The Saudi gauntlet should be picked up
At the weekend Asharq Al-Awsat newspaper said the Saudi Crown Prince's plan was a window of opportunity for full Arab acceptance of Israel. It wrote that the Arabs were opening a window for a lasting peace.
At the weekend Asharq Al-Awsat newspaper said Saudi Arabian Crown Prince Abdullah's plan was a window of opportunity for full Arab acceptance of Israel. In its lead editorial, the daily wrote that, with this proposal, the Arabs were opening widely, right before the eyes of the world and the eyes of Israel's citizens, a window for the attainment of a lasting peace in a region that has not known even a single moment of stability.
The newspaper, closely linked to the regime in Riyadh, took pains to point out that the Saudi proposal was directed at Israel's citizens, not its government. Apparently, the Arabs have concluded that Israel's present government will not move even one prefabricated structure for the sake of peace. The Arabs, it would seem, have begun to understand that if they do not address their neighbors in Israel, we all will meet at the bottom of the abyss.
Essentially, the Saudi plan is based on the Clinton outline of December 2000 and on the January 2001 Taba understandings founded on that outline. Palestinian Authority Chairman Yasser Arafat recently told a delegation of Israeli Leftists that he wanted to renew the peace talks at the point where former prime minister Ehud Barak had broken them off at Taba. Let us assume the Palestinians would accept all Prime Minister Ariel Sharon's security demands and, as a bonus, hand over Tourism Minister Rehavam Ze'evi's assassins (why are these killers more important to the National Union than those who sent the murderer of the children of settlers in Karnei Shomron?) Is there still even a breath of a chance that in return for the security clock's hands being turned back to the quieter days of the pre-intifada era, Sharon would turn the political clock's hands back to where they become stuck 13 months ago in Taba's sands?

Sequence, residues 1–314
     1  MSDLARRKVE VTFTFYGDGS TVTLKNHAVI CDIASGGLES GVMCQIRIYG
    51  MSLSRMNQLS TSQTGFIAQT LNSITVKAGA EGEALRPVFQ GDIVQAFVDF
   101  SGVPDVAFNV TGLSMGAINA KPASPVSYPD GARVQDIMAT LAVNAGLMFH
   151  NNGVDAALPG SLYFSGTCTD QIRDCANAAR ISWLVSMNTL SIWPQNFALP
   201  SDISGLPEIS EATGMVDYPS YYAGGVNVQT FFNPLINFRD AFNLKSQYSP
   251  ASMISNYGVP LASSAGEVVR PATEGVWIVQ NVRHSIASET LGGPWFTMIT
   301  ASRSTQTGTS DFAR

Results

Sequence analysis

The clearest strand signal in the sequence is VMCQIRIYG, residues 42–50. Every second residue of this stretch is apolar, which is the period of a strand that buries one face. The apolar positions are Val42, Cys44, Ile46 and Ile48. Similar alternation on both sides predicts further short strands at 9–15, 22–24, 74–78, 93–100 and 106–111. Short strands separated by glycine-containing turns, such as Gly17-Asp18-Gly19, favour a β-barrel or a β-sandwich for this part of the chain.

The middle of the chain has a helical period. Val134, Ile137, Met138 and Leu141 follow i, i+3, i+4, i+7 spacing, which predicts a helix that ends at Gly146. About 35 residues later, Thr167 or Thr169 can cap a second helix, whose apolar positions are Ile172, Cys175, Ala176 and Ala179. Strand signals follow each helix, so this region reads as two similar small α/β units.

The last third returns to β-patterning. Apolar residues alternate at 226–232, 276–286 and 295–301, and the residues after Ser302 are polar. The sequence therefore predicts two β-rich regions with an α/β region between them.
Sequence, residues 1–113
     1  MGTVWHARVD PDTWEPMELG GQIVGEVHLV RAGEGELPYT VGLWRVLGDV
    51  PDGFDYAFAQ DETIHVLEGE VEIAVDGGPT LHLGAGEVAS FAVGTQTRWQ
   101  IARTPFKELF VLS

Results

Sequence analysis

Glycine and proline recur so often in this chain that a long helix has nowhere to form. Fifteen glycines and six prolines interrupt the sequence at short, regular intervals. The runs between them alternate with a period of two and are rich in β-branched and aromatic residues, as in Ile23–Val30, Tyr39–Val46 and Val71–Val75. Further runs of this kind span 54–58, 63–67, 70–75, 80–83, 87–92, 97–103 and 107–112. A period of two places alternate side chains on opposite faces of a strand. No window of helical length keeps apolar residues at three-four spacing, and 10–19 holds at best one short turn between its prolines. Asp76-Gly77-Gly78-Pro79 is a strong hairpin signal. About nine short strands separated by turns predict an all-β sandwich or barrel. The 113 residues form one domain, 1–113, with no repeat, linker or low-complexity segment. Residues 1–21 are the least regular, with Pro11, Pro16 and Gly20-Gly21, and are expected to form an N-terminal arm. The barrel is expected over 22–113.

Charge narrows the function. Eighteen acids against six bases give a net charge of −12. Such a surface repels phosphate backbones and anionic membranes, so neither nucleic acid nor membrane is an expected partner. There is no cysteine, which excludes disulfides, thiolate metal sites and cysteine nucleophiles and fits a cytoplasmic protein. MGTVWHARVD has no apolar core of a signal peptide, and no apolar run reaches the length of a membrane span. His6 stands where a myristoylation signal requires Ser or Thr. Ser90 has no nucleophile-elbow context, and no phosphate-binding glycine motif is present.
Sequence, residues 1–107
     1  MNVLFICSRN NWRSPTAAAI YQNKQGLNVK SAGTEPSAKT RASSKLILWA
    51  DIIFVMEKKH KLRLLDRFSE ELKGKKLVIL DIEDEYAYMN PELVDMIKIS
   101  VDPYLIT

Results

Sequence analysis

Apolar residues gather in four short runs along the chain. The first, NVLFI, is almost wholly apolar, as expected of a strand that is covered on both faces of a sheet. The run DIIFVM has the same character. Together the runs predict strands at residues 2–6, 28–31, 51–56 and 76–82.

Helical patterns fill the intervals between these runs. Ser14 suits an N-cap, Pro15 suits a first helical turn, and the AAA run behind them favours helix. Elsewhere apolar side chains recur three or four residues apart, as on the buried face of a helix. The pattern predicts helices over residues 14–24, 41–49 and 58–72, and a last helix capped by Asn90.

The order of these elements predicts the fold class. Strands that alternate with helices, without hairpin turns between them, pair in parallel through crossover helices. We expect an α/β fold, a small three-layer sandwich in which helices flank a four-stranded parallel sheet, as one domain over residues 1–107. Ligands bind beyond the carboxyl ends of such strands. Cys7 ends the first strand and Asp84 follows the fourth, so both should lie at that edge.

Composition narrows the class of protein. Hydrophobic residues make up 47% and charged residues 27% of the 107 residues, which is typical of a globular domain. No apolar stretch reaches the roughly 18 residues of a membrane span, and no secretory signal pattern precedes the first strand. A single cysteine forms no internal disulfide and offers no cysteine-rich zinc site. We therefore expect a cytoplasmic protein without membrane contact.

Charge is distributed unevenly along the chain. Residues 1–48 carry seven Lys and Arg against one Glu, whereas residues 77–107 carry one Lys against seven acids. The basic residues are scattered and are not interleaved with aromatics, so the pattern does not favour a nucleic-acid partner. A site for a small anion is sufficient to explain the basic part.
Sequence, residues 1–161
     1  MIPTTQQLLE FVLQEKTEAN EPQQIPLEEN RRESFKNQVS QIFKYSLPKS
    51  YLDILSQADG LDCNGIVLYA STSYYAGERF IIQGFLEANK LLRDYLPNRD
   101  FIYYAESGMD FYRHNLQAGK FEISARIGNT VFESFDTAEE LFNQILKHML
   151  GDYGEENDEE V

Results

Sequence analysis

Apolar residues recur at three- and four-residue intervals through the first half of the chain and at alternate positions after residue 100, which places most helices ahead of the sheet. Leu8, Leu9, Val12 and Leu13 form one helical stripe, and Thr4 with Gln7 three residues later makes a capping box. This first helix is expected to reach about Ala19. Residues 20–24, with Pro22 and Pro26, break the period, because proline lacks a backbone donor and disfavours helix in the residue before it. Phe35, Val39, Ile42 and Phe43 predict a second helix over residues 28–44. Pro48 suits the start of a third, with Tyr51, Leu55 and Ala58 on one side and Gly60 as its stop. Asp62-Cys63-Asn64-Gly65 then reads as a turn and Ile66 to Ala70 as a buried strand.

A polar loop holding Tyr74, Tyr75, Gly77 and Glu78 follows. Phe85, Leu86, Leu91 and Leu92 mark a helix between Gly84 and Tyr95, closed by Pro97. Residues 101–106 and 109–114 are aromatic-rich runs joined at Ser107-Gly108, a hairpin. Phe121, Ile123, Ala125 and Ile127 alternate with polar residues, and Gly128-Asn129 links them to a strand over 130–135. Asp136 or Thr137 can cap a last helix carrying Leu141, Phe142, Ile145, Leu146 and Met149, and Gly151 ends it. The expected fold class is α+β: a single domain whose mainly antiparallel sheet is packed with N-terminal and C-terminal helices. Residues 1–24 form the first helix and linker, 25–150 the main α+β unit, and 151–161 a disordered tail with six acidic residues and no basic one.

Saudis are not illiterate. They apparently read the interview with Sharon that appeared in The New York Times on September 8, where the prime minister referred to the section in the Mitchell Report's recommendations concerning a freeze on the expansion of settlements. "There are young soldiers coming back from the army," the prime minister explained. "They want to get married. What are they going to do? They have to get a formal agreement for marriage from Arafat?"
The Saudis have also apparently read the reports that the Sharon government has never discussed or even ratified the Mitchell Report. The reason is not neglect or negligence; this is simply one more trick being used to evade the diplomatic track. National Union-Yisrael Beiteinu cabinet ministers Avigdor Lieberman and Binyamin Elon would not sit for even one minute in a government that adopts a document that states that the Israeli government "should freeze all settlement activity, including the `natural growth' of existing settlements."
The Saudis are no fools. They certainly understand that their plan is irrelevant for a government that hides behind the false argument that the Mitchell Report (which, as already noted, it has never ratified) stipulates that a freeze on the settlements and the resumption of peace talks are conditional upon cessation of the violence. In cabinet votes, Sharon has never voted for any peace agreement, including the one with Egypt, and, in the Knesset vote, he abstained on the peace treaty with Jordan. Why should the Saudi plan be treated with any more respect than the Egyptian-Jordanian plan, the French initiative, the Peres-Abu Ala outline, or Egyptian President Hosni Mubarak's new idea?
United Nations Secretary-General Kofi Annan has called for the adoption of the Saudi plan's principles, the United States has sent a senior representative to Riyadh to look into the plan's details and the Arab press is talking about "normalization." However, peace cannot be "imported." If initiatives like the Saudi plan are to bring Israel from the killing fields to the negotiating table, Israel's citizens must first of all replace the present government. It is vital that the protest begin in the streets; however, it must eventually express itself in the ballot booth. Thus, this is precisely the time when a serious, responsible opposition should pick up the Arab gauntlet and place it, the trumpets blaring, at the top of the political agenda.
Labor's indifference recalls Barak's reaction to then-American president Bill Clinton's suggestion that the leaders of Saudi Arabia and all the Gulf states participate in the signing ceremony of the Syrian-Israeli peace treaty. Barak said he had no need for 20 galabias. Who knows what would have been the fate of the peace initiative of former Egyptian president Anwar Sadat, if, instead of Menachem Begin and Moshe Dayan, he had encountered in Jerusalem Binyamin Ben-Eliezer and Shimon Peres?